Multiple independent variables y = a0 + a1x1 + a2x2 + + amxm + e Work with n observations each has:

One observation of dependent variable One observation each of the m independent variables

Seek to minimize the sum of squared differences Put all independent variables into x-range in Excels regression tool
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Regression Output
Square root of R square Coefficient of multiple determination Accounts for presence of multiple variables

P values of under 0.1 Coefficients of regression equation are statistically significant


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Values to Include in Regression


Ideally pick values that can be justified based on practical or theoretical grounds Could choose set that generates largest value of adjusted R2 Also could choose based on those with significant p-values for coefficients Remember that good models require good forecasts for the independent variables.
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Regression Assumptions
Errors in the regression model:

Follow a Normal distribution Are mutually independent Have the same variance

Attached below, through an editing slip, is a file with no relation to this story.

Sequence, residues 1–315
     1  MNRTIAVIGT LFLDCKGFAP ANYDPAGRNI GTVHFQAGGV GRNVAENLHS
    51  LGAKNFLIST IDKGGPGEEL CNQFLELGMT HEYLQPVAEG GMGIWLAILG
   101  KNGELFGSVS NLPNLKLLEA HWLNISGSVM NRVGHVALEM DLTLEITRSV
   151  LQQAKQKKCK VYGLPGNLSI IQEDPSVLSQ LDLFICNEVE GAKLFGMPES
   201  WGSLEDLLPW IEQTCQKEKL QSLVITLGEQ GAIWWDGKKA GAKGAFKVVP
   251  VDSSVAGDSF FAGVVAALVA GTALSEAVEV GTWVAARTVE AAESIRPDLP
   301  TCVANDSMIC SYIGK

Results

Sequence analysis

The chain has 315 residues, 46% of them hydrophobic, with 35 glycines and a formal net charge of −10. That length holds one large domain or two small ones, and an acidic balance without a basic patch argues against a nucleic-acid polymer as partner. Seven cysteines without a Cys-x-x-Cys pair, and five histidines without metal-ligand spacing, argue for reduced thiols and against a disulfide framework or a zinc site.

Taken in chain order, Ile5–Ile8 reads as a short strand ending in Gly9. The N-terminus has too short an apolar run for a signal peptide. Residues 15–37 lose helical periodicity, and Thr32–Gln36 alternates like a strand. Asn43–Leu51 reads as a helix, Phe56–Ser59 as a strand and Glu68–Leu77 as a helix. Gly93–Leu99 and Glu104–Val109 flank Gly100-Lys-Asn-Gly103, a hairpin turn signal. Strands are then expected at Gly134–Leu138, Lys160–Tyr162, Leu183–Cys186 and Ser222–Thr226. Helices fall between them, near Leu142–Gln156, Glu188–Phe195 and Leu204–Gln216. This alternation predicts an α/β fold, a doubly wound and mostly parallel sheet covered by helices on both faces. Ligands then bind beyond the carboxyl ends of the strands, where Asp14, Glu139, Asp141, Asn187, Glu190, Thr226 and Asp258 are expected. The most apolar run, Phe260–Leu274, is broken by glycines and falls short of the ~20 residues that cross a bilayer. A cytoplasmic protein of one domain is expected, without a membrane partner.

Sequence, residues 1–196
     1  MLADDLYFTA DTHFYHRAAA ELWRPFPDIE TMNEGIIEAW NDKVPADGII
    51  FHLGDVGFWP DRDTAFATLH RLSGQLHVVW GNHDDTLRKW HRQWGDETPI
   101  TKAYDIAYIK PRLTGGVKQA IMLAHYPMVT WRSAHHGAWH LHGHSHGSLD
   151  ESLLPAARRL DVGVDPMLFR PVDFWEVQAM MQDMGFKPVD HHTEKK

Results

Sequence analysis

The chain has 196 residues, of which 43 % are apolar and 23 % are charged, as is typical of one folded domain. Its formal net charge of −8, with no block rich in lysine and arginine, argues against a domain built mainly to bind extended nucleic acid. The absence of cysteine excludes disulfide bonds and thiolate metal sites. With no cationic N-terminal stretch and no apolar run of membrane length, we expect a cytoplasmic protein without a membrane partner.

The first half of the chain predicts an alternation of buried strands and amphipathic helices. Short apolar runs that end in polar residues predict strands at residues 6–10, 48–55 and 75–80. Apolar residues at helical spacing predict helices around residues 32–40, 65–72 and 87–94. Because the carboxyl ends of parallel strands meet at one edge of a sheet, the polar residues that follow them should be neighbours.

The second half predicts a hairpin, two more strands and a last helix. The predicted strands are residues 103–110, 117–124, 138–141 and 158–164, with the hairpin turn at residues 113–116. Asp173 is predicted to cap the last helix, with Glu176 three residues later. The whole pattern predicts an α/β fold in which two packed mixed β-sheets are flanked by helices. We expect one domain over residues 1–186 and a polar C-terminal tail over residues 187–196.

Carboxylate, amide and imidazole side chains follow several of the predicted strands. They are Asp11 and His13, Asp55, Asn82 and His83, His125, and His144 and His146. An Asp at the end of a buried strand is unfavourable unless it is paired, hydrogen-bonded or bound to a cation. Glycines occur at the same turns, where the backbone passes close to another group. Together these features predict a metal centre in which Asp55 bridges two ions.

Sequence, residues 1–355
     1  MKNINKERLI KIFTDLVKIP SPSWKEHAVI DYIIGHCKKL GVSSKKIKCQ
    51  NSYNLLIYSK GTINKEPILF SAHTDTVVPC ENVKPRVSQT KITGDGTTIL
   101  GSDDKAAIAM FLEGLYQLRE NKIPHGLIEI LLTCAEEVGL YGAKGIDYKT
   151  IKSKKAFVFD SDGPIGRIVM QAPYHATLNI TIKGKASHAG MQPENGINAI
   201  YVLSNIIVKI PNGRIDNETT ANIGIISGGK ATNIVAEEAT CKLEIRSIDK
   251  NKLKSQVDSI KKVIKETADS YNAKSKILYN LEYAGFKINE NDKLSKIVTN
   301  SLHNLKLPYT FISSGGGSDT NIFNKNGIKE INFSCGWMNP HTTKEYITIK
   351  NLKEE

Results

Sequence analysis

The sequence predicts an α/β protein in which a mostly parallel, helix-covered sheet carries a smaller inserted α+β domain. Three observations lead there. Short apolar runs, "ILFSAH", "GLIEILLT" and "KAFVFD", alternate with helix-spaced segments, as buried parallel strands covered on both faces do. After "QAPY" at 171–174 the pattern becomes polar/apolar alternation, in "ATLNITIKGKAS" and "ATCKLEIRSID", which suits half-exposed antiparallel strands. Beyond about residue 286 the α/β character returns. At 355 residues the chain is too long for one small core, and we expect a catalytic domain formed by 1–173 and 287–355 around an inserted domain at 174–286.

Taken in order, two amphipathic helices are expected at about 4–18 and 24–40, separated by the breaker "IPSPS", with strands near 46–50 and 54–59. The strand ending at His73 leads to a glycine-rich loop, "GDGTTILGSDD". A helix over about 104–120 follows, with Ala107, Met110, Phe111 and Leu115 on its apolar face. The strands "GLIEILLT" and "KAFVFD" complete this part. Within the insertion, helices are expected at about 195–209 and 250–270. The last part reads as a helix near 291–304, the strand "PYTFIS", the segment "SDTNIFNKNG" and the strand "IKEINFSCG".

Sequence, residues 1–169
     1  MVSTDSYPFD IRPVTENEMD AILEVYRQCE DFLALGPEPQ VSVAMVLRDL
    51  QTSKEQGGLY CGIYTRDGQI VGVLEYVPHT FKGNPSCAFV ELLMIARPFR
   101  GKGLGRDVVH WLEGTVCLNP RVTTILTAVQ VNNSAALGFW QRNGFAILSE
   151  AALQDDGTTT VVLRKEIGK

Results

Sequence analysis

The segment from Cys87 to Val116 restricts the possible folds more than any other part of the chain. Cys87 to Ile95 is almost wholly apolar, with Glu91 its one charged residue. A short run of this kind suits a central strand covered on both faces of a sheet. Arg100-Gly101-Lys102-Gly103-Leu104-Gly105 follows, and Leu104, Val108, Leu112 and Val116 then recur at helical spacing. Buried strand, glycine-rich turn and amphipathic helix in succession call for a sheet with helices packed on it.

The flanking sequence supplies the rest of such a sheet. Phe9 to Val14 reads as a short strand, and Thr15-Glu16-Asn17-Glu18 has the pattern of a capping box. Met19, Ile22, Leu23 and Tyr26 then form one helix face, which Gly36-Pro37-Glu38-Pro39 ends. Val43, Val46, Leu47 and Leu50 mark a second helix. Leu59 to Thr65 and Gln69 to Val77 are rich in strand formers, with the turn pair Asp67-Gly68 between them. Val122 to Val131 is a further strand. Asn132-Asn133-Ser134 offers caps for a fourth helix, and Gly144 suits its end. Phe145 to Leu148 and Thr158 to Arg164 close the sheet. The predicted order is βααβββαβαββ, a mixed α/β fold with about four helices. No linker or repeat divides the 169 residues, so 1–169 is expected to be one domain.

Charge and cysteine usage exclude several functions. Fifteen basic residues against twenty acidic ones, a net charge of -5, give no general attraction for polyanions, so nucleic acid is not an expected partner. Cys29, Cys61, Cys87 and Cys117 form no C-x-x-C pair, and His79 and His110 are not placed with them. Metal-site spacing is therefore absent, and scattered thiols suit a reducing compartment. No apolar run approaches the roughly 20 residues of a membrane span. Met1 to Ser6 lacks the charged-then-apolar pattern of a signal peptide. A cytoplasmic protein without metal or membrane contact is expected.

Linearity is assumed to hold

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*Using the Excel Tools Trendline and LINEST


Excel provides several alternative methods for performing regression analysis. Trendline is a charting option that allows the user to fit one of six families of curves to a set of data and to add the resulting regression line to the plot. LINEST is an array function that can be used to compute regression statistics and use them directly as parameters in a model.
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*Trendline
The Trendline option appears in Excel only when a chart has been selected. Trendline offers the option to fit any one of the following six families of curves: Linear: y = a + bx Logarithmic: y = a+ bln(x) Polynomial: y = a + bx + cx2+ dx3+ (the user selects the Order of the polynomial, which is the largest exponent of x). Power: y = axb Exponential: y = aebx Moving average: y = average of previous n y-values (the user selects the Period for the moving average, which is n, the number of previous values used to calculate the result).

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Trendline Window

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Linear Trendline

1,200,000 1,000,000

Demand

800,000 600,000 y = 61873x + 443600 400,000 200,000 1 2 3 4 5 Year 6 7 8 9 10 R = 0.976